There has been a lot of debate over the newest installment in the Harry Potter series, Fantastic Beasts and Where to Find Them, particularly from the Native American community. This is shocking to a lot of people, mainly the hardcore Harry Potter fandom who eagerly await the movie. Most fans are unsure whether this dissent from the Native American community is valid. A well-written article should address both sides of the argument and clearly lay out the issue.
Rowling recently released the house mascots of her new American Wizarding school. These mascots are based off of mythological animals in Native American culture. They are: The Horned Serpent, The Thunderbird, The Wampus and the Pukwudgie. These ‘fantastic beasts’ are steeped in traditional Native oral histories and I think it could be fun to delve into their stories and examine what they mean to Native culture.
This seems like a very interesting topic. As an aid Harry Potter fan myself, I would absolutely love to take this article up. But, I think I'd hold off until I've actually watched the movie. In my opinion, this is much better written once the movie has entered the cinematic world and the official Harry Potter canon. If, by that time, this topic is still open, I'll be back. – Adnan Bey8 years ago
I agree with the above. When we've seen what place and role the 'beasts' have in the film, then there'll be much more to discuss and chew over. – J.P. Shiel8 years ago
When it comes to the Harry Potter series by J.K. Rowling, are the techniques used to develop the plot potentially hiding the protagonists’ fantastical identities from the rest of humanity? Also, is there a significance of diegetic and non-diegetic sounds that help explain how the characters identities are hidden throughout the series?
I don't see the relation between keeping the fantastic world hidden from "the rest of humanity" and the use of the techniques to develop the plot. Also, how does this relate in any way to diegetic and non-diegetic sounds? – T. Palomino2 years ago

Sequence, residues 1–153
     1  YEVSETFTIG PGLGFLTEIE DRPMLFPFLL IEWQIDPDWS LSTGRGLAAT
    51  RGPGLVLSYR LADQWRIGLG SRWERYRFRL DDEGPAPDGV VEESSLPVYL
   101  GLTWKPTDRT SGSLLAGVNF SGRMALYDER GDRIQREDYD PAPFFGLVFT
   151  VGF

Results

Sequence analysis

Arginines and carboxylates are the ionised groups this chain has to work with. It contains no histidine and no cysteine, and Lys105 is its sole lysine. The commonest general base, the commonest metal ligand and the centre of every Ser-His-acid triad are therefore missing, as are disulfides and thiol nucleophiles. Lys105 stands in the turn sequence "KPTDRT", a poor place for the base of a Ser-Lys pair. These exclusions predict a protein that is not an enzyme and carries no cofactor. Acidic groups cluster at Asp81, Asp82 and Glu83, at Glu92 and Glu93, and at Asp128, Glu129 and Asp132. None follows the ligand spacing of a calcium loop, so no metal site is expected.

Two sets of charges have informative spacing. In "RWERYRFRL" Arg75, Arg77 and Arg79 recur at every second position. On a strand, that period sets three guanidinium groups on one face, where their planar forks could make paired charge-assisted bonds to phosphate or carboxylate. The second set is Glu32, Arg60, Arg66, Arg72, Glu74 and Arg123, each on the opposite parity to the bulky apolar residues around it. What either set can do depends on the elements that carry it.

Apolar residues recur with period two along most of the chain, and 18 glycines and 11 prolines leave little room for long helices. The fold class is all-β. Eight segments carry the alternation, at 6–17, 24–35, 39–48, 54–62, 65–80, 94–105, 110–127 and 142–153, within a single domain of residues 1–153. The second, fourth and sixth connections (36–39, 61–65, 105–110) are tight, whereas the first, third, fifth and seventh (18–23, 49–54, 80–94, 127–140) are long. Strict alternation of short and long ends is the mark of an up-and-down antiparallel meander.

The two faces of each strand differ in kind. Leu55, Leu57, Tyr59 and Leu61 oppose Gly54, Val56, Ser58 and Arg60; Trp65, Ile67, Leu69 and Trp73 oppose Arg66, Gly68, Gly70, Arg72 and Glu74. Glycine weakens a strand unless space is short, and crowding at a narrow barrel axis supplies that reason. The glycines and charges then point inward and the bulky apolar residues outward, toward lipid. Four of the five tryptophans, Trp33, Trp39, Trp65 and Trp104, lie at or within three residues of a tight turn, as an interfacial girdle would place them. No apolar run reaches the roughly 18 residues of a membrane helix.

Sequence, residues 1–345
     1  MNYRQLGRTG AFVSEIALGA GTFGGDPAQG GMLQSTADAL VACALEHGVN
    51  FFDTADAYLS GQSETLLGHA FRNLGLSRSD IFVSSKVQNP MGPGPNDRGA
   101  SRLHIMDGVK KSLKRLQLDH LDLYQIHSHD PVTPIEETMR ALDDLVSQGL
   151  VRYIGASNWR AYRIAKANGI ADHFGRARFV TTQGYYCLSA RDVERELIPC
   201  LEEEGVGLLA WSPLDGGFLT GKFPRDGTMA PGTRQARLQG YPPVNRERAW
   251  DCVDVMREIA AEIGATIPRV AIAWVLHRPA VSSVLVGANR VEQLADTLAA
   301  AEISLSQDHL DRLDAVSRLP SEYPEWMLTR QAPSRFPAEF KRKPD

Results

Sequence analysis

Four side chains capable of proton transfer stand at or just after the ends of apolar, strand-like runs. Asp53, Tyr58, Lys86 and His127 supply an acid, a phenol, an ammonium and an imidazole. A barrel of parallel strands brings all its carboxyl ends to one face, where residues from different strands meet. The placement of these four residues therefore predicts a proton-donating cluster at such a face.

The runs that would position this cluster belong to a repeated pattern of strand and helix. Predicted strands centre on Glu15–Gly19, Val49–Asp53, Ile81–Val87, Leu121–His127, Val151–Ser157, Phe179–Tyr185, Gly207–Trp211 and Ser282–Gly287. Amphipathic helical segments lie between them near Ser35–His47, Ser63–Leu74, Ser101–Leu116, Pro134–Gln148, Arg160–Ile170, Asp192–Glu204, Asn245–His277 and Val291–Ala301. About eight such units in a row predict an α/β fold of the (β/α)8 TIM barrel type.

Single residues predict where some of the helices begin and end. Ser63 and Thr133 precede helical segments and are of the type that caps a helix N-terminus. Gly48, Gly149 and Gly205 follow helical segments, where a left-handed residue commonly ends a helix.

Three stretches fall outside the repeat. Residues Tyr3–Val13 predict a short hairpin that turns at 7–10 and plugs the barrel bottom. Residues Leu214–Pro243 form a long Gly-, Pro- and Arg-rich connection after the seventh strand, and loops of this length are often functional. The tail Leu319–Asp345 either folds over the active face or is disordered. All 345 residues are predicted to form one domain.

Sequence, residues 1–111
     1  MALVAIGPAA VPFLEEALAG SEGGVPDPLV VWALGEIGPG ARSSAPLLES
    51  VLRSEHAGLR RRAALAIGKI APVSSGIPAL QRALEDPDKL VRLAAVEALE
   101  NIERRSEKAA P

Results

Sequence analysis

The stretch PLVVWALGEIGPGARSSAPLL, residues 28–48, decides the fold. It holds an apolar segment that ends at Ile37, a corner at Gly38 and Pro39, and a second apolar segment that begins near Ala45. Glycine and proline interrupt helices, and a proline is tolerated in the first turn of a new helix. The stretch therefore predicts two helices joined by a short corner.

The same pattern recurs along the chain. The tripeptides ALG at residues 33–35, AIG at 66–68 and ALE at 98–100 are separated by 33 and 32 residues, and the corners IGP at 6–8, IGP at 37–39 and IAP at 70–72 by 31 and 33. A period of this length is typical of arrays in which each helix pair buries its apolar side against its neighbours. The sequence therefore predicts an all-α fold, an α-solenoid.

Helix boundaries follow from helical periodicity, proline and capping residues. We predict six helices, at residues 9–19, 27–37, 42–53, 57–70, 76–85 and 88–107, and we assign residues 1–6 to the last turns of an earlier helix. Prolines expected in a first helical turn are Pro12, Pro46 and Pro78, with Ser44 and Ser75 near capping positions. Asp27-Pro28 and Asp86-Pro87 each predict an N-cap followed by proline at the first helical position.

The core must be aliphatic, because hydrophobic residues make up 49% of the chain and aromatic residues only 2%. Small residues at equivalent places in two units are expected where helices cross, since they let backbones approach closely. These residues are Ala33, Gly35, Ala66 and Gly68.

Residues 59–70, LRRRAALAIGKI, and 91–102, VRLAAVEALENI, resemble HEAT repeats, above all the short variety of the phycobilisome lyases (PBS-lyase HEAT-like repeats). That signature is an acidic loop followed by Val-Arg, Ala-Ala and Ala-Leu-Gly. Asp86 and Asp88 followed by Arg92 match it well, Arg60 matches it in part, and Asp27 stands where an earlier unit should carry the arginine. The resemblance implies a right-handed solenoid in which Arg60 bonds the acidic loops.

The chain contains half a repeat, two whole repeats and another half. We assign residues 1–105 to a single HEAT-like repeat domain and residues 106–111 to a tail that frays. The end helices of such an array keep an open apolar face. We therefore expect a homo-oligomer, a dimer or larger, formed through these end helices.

You're talking about the movies, aren't you? Otherwise, how will sound be a factor to analyze in the books? – T. Palomino2 years ago
For years after the success of the Harry Potter series, many new fantasy novels followed that proclaimed to be "the next Harry Potter." From Percy Jackson and the Olympians to the Inheritance series, many reviewers have compared these books to J.K. Rowling’s masterpiece but yet sales and following movie adaptions have fallen short. What elements does a book series need to catapult it to the same level of fame and can it ever be replicated?
You also should discuss the apeal the Harry Potter series has for people of all ages and look into othe books that have had wide audiences, such as The Hobbit and The Chronicles of Narnia. These were similarly population books before Harry Potter even if they werent as widespread. – rcmmh108 years ago
Definitely explore the time period HP skyrocketed to fame, and the books that had been doing well at that time as well. Half of success is all in demand, which hinges on time! – Juliann8 years ago
The timing of the books made a huge impact on the popularity, but fads come in waves. Eventually we will see another franchise make the same, or at least similar, cultural impact that Harry Potter did. Explore what other franchises made that impact before Harry Potter. – Joseph8 years ago
I think there is opportunity to create something similar, but its hard to compare anything to such – semelejansen8 years ago